Speaking of bus rides, there's another lesson I learned. During my earliest years in South Korea, my dad keeps mentioning that bus drivers are the "king of the road." I bet there's another meaning to that expression, but my dad simply means bus drivers have many unreasonable claims and no one dares to oppose.
I think that's true to some aspects during that time. They can freely over-charge a fare and use whatever excuse, should a passenger complains-- which is very rare. And as mentioned on my last blog, they can ignore certain passengers or stops, perhaps to catch up with the schedule. They can freely run through red light (even until now) and go up to dangerous speeds. They may also unload passengers even quite far from their designated bus stops or even in the middle of the road. Passengers eager to get out of the bus even want them to. After hitting the buzzer, and perhaps they didn't notice, they have the nerve to scold at a passenger for not calling them out when they passed by your stop. It happened to me many times. If a small vehicle causes the bus to stop, the bus driver could pull out the other car's driver and punch him in the face with a lot of shouting. I have to emphasize here that these either happened to me, or I saw them done to others with my own eyes. I don't have to mention what other stories I've heard in this regard. But sufficed to say, I agree with my dad.
At this time, there's a bus that goes straight from Yuram Sam Go-Ri to Geumcheon. That relieves me from taxi rides from our dormitory to another town, good for shopping and grocery. It was about 9 pm so there's not a lot of passengers. As the bus is nearing, I dug into my pocket for my fare. I got 2 bills of 1,000 won each. Fare was about 750 won that time (I think) so I separated the two. One bill for one hand and another for the other hand. As I climbed up the bus, I immediately slid my fare in the box and told the driver where I was going. I assumed I won't get any change but was just hoping for better luck, so sat on the nearest seat to the driver.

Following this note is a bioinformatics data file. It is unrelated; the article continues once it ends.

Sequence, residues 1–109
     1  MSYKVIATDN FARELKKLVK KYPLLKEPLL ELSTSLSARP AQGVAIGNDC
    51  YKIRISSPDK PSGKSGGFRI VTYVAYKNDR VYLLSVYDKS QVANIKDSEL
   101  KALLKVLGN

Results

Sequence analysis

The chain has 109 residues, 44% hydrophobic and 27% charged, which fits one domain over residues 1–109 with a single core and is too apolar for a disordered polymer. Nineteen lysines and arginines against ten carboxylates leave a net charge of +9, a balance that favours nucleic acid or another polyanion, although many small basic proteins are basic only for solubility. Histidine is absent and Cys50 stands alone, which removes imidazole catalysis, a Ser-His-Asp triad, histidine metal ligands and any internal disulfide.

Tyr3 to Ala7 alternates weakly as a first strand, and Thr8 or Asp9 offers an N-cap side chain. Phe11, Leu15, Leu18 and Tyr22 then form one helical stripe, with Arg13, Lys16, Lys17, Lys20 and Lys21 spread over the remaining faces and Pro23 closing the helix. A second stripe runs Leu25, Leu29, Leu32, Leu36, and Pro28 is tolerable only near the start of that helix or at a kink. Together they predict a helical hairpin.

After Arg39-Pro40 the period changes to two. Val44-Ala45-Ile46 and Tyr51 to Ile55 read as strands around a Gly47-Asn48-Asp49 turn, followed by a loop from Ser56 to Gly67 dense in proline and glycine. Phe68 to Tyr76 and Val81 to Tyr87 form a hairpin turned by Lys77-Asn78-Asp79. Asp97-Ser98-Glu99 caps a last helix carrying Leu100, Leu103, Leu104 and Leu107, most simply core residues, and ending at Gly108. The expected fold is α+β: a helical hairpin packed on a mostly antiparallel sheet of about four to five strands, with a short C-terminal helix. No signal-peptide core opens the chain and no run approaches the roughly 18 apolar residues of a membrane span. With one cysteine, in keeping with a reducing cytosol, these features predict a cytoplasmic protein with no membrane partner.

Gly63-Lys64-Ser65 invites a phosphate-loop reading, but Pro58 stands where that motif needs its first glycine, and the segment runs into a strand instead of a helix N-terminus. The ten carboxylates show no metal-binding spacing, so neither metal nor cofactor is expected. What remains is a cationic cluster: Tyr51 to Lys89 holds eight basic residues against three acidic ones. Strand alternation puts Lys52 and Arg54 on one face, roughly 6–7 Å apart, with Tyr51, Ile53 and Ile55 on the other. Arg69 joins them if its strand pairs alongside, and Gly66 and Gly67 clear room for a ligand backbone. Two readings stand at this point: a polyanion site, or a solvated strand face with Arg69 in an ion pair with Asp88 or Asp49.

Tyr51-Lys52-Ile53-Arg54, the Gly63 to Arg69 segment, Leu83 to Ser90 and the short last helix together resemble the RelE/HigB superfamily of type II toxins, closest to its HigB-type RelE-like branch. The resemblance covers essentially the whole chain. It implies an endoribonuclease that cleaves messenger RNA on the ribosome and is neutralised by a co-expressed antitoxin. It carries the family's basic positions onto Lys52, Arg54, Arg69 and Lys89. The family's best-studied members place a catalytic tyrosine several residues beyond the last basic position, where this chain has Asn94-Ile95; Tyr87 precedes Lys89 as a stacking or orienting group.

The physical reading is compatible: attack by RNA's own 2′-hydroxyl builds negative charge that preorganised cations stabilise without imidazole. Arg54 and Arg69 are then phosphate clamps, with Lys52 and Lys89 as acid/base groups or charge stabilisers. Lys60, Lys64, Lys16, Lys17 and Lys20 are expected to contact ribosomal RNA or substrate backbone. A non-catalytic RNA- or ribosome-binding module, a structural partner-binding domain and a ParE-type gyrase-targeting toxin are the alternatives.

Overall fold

But then the driver started scolding at me with Korean words I still couldn't understand. A couple of seconds later, I realized he was accusing me of stealing money from the box instead of paying my fare. His proof was the other 1,000 won bill on my other hand. I told him I payed and the one I'm holding was mine. But with such language barrier, I couldn't explain much. There were less than 5 passengers in the bus and they started to complain 'cause the driver won't budge until I pay, and according to all of them, I'm at fault. I had no choice but to give my other bill. But then the driver won't give me my change and just kept murmuring when I asked for it. I spent 30 minutes in this bus with such dense air, and finally I came to my stop. For the last time, I asked for my change and guess what? He charged me 950 won.
I was angry. Really angry. Angry enough to stand on my stop and just stare at the driver as he goes (pretty much there's nothing else I could do). The driver stared back. On my mind I was praying he'd hit something or someone while he's staring back at me. But nothing happened that night.
The time I told this story to my dad, I was advised that I show the money for approval before putting it in the box. It doesn't matter whether it's a bunch of change or a single bill. I guess that makes sense. But even during my earlier months, when I show the bill and wait for the driver's approval, I got scolded for not moving quickly enough. Nevertheless, I'd rather be called slow than a thief and pay twice... and charged even more.